Quite apart from the intention of psychogeographic photographers I do not think objective depiction is possible or should even be attempted by any photographer. Too many variables (climatic/ technical as well as the photographer’s mood (Tagesverfassung)) play a role – and this seems a good thing if we are talking about photography as a medium of communication rather than a scientific instrument.
*Howells, R. (2011). Chapter 8: Photography. In Visual Culture, Cambridge, England, Polity Press
The script asks me to do some research into Crewdson’s work and to reflect how his work relates to film and/or art. The internet search yields a lot of factual information about him, – my most interesting sources are texts from the galleries that exhibit his work ( Gagosian, the White Cube, Rogallery), museums (Kunstverein Hannover, Fotomuseum Winterthur) and interviews he gave (Der Spiegel, aperture) and information about Ben Shapiro’s documentary about Crewdson (Brief Encounters).Crewdson, born in Brooklyn in 1962, is a photographer and professor at Yale School of Arts. His photographs are elaborately staged scenes – tableaux – from small town American life. In an interview with Alyssa Loh and Alma Vescovi he states“Since a photograph is frozen and mute, since there is no before and after, I don’t want there to be a conscious awareness of any kind of literal narrative. And that’s why I really try not to pump up motivation or plot or anything like that. I want to privilege the moment. That way, the viewer is more likely to project their own narrative onto the picture” (http://theamericanreader.com/interview-with-photographer-gregory-crewdson/)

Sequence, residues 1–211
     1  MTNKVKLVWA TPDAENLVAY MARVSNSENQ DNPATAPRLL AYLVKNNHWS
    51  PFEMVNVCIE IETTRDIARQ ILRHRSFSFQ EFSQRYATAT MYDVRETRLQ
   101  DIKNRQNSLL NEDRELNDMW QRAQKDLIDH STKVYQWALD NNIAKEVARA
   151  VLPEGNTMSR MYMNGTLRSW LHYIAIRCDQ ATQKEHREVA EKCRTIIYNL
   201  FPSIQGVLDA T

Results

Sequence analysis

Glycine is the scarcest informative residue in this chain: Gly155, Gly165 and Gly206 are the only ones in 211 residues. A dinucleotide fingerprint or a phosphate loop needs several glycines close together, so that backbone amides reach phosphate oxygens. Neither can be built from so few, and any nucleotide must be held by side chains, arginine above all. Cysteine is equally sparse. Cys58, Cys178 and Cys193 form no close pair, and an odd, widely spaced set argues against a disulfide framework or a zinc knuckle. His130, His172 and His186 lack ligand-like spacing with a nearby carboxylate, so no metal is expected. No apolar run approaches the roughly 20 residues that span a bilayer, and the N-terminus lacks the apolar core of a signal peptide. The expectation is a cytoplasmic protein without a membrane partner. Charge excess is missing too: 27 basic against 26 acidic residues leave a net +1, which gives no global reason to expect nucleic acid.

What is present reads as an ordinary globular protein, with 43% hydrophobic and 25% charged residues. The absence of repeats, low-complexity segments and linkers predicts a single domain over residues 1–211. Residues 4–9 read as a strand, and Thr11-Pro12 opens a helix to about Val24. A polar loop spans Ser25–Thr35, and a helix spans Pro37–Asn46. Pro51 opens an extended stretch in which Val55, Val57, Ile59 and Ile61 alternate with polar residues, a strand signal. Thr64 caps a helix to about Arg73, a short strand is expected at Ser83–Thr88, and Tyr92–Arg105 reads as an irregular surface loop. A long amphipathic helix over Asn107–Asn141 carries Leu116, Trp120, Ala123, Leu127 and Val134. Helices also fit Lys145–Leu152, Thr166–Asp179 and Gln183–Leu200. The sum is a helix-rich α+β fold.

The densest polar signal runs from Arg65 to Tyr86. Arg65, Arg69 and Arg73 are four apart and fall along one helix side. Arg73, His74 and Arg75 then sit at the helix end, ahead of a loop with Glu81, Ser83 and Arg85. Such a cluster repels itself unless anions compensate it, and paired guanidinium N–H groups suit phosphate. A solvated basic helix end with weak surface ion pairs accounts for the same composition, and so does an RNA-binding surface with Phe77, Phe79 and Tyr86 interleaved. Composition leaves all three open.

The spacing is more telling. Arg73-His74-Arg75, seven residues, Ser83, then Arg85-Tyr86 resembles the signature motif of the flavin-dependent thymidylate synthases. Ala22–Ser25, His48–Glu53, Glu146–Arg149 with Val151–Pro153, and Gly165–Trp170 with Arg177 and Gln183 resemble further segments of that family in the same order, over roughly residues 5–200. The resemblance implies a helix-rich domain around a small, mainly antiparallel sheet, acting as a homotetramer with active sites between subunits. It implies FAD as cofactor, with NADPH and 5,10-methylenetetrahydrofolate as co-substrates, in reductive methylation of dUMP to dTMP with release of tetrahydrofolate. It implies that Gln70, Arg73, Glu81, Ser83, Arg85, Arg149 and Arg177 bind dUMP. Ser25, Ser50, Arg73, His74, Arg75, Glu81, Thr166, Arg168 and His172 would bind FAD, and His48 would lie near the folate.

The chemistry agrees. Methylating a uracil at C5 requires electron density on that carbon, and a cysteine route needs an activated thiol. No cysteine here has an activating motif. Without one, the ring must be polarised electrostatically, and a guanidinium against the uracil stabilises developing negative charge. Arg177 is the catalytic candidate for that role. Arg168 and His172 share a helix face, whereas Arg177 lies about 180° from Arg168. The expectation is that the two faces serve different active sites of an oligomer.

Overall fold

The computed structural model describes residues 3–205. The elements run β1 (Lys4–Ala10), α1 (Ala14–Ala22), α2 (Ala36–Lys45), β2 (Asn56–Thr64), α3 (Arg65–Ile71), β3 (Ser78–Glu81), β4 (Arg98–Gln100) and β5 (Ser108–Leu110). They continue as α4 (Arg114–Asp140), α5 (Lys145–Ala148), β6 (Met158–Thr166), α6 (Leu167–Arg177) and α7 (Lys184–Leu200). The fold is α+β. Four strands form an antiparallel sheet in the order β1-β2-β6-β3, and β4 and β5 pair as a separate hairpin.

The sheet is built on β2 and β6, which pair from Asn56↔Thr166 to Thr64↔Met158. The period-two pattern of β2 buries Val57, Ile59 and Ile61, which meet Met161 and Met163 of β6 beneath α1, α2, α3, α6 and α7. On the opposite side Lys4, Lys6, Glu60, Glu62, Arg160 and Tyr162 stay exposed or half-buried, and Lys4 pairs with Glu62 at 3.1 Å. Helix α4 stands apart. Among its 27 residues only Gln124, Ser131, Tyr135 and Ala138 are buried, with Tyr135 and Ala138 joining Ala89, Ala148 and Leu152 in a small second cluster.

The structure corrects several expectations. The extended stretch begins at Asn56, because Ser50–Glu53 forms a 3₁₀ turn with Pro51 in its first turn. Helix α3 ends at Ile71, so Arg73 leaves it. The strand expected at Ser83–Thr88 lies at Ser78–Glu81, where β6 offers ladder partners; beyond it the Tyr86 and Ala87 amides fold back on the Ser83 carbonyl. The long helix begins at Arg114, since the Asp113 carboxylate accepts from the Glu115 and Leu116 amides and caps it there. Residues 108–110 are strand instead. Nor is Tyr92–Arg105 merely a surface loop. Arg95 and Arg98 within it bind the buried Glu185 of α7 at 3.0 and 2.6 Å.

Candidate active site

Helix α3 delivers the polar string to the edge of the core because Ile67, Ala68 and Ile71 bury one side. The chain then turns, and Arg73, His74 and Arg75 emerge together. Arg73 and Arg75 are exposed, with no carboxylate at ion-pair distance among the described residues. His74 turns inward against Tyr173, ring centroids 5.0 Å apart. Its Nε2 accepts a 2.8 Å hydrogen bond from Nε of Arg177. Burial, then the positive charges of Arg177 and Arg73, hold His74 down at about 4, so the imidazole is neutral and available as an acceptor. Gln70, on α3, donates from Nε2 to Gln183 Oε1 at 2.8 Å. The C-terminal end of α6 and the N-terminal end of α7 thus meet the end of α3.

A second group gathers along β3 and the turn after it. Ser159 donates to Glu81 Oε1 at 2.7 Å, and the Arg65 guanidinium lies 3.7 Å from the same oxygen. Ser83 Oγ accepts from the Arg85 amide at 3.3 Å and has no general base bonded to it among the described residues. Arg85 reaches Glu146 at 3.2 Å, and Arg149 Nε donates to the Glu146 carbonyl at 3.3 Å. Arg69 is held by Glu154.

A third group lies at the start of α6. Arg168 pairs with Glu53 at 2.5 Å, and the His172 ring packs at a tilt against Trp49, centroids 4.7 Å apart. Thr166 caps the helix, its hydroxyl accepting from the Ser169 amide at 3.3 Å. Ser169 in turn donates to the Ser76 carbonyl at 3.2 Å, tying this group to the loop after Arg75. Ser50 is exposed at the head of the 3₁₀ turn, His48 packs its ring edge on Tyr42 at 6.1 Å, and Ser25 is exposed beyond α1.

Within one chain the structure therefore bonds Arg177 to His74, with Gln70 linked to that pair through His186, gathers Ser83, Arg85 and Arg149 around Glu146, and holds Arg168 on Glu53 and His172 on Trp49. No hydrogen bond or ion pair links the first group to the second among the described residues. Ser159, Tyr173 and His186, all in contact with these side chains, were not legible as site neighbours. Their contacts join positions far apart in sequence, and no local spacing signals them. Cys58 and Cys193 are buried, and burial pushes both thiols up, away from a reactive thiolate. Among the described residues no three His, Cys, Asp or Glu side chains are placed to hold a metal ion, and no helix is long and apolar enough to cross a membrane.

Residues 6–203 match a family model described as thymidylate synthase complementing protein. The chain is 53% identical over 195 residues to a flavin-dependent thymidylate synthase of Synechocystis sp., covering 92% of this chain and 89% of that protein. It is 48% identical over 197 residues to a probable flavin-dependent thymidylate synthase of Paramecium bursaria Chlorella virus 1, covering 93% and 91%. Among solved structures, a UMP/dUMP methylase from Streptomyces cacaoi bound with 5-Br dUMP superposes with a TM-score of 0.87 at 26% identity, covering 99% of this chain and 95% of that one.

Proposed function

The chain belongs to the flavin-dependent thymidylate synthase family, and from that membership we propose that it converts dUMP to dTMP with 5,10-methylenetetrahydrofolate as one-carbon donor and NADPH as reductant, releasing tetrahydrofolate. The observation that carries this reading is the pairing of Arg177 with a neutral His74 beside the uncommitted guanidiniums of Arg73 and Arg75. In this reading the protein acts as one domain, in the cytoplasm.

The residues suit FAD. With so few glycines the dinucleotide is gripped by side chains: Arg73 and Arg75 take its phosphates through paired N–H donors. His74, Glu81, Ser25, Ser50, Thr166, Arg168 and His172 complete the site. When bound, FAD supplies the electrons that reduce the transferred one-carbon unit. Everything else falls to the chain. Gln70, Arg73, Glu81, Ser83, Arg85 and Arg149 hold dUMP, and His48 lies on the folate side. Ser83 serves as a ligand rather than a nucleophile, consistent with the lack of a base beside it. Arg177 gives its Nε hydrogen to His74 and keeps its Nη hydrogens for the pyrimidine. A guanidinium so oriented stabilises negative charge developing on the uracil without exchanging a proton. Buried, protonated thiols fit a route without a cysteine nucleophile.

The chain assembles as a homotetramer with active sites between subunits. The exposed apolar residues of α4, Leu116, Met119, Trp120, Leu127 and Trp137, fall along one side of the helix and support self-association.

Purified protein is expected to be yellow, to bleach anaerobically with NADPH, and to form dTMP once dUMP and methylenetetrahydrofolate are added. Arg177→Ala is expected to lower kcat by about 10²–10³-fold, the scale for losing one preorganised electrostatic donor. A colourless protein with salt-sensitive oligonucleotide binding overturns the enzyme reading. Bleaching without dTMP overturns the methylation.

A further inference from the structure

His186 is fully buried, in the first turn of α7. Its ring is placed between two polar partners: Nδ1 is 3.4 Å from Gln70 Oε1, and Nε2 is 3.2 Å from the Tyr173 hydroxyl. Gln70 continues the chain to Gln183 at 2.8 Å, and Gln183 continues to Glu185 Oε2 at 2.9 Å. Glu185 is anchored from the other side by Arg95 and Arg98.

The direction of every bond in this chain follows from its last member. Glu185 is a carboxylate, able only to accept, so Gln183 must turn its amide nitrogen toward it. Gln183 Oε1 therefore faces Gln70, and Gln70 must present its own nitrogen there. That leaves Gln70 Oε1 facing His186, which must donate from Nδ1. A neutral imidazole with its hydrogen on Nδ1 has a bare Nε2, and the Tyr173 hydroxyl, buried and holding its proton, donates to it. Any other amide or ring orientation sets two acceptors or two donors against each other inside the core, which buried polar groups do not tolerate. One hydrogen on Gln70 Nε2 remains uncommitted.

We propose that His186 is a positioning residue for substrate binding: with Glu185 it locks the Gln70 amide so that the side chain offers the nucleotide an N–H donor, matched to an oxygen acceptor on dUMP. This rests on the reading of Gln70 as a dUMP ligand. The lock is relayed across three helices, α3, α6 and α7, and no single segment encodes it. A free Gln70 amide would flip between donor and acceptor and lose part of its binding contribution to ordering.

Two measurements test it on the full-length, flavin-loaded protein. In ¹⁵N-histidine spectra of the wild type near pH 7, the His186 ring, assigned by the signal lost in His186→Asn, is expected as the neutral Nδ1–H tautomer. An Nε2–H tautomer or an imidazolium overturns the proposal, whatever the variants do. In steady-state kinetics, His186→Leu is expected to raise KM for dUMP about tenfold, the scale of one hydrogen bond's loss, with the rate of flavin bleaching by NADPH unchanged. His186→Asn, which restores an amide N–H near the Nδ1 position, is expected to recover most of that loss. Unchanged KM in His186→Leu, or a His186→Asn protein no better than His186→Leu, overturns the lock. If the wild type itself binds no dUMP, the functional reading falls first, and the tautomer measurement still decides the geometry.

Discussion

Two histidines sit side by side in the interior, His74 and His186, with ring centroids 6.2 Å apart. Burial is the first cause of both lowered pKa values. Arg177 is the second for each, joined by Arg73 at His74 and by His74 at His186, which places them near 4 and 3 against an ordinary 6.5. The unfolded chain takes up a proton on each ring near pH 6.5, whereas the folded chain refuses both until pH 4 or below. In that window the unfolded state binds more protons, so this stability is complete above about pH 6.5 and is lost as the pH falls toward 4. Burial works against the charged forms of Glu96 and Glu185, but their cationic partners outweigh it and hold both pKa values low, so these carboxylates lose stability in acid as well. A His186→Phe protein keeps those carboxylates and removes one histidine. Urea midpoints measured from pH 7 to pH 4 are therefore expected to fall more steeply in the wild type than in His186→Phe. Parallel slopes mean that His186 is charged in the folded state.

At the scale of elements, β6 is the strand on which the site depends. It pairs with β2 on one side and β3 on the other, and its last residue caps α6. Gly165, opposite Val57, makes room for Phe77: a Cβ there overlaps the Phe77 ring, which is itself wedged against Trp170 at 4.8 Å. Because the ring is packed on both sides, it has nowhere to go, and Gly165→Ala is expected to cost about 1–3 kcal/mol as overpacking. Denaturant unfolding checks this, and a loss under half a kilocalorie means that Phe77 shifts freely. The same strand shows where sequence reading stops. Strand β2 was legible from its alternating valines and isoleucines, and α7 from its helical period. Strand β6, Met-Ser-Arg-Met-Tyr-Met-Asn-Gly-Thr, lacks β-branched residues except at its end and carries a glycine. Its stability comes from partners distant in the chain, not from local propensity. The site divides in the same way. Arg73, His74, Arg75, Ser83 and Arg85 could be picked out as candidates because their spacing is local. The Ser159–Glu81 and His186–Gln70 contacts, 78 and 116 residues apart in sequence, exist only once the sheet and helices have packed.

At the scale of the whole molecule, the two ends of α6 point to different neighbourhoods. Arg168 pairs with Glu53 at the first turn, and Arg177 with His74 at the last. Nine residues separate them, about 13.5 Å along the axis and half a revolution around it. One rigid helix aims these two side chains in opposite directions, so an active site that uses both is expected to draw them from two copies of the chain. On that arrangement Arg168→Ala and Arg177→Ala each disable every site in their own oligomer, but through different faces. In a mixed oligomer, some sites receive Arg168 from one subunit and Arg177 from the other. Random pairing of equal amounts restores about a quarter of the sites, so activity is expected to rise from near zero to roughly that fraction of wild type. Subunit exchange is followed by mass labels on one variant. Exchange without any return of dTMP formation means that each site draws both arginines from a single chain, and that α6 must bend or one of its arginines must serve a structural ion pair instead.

Crewdson’s images are full of unsettling atmospheres, leaving the viewer immediately wondering, what happened here – whether it is a woman in white underwear lying on a living room floor, staring at the ceiling, or a night scene with a car shining its headlights at yet another woman standing in downcast position in front of it, while two other women and two brown shopping bags, and a row of houses complete the picture.”Haunting, surreal and – most agree profoundly unnerving”is the way Loh and Vescovi describe Crewdson’s art. And they go on to state, (here our first hint at the connection to film) that production teams and set budgets for a single photographs can equal that of an entire film. The lighting stage direction in many of the pictures create this sense of the mysterious and evoke the world of Hollywood film scenes. The Whitecube gallery information localises the origin of Gregory Crewdson’s work“within a photographic tradition that combines the documentary style of William Eggleston and Walker Evans with the dream-like vision of filmmakers such as Stephen Spielberg and David Lynch. Crewdson’s method is equally filmich, building elaborate sets to take pictures of extraordinary detail and narrative portent.” http://whitecube.com/artists/gregory_crewdson/